Developer demonstrates realistic avatar on Meta Quest Pro

Developer demonstrates realistic avatar on Meta Quest Pro

Meta Quest Pro can transfer eye, body and face movements to avatars. Meta’s sample projects show what is possible.

Quest Pro (review) is the first Meta headset with gaze and face tracking. With the brand new Movement SDK, developers can now implement the new hardware features in their apps to make avatars appear more realistic and expressive .

The Movement SDK has three components:

  • Face Tracking (only supported by Meta Quest Pro),
  • Eye Tracking (supported by Meta Quest Pro only) and
  • Body Tracking (supported by Meta Quest Pro and Meta Quest 2).

Meta uses the term “body tracking” somewhat loosely. Both headsets track head and hand movements alone, three body points in space. They do not record movements of the hips, legs, and feet.

Body tracking is responsible for transferring captured body points to avatars. The goal: making movements of the entire body look as realistic as possible with help from an AI model trained with human movements.

Until recently, this feature was reserved for Metas Horizon products. Now it’s available to all developers, so it could begin to breathe life into avatars in other VR apps as well.

Meta publishes sample avatar projects

On Github, Meta offers a sample code that allows developers to get to know the different aspects of the Movement SDK by means of concrete examples.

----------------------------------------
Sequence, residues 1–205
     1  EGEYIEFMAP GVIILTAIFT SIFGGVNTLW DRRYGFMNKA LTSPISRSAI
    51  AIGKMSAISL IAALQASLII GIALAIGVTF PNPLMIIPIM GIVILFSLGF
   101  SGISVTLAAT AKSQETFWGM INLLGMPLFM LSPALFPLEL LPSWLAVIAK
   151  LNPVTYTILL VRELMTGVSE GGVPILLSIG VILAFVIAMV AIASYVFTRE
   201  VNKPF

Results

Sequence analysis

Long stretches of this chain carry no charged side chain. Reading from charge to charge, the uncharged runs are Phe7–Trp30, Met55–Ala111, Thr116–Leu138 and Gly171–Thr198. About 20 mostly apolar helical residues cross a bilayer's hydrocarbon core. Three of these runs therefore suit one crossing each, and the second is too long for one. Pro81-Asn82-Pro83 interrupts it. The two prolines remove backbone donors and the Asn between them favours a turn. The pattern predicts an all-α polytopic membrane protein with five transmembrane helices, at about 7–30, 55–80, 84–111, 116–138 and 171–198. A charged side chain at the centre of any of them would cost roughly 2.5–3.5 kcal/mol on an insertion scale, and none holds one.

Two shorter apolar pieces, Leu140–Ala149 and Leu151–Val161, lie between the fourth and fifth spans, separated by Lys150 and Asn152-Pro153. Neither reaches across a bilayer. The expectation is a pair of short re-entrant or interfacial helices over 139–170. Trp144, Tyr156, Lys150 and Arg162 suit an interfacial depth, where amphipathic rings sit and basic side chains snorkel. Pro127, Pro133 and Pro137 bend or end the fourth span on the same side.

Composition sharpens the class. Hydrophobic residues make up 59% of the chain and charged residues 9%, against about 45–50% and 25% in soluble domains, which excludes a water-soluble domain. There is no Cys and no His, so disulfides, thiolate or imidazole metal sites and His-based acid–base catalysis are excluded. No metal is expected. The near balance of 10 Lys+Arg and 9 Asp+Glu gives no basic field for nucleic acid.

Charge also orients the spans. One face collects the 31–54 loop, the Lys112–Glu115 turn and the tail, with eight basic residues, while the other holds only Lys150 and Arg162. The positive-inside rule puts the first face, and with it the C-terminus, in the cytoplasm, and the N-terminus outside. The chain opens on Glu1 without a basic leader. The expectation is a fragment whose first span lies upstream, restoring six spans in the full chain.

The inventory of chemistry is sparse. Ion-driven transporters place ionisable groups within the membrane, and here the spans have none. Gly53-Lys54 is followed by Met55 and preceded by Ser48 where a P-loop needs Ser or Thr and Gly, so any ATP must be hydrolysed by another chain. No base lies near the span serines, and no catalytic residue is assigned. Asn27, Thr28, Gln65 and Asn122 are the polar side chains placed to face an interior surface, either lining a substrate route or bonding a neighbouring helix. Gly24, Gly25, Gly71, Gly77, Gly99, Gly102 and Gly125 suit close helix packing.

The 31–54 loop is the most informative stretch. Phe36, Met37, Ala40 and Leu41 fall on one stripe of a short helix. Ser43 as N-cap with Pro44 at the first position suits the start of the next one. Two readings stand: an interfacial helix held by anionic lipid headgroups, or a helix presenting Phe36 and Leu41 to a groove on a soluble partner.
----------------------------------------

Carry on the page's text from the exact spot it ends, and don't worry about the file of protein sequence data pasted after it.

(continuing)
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The sample code includes the following components:

  • the Alien character Aura which demonstrates the possibilities of eye and face tracking,
  • a realistic avatar designed to show how face tracking, eye tracking, and body tracking work together to create a compelling AAA gaming experience, and,
  • two demos demonstrating the interaction between body tracking and virtual objects and the transfer of captured body points to different humanoid character models.

Meta occasionally shows off Aura and the realistic avatar. With the sample code, these are now available to developers for experimentation and demonstration purposes.

The Movement SDK in action

The XR developer and Youtuber Dilmer Valecillos demonstrates the features of the Movement SDK in a video. He also plays with Meta’s sample code and goes through the individual components.

Why doesn’t Meta offer proper demos for the new gaze and face capture? That’s a good question. No demos included with the headset provide an entertaining introduction to the impressive new hardware features. This is an omission that shows that Meta Quest Pro is primarily aimed at developers. It is still an oversight considering the high price of the device.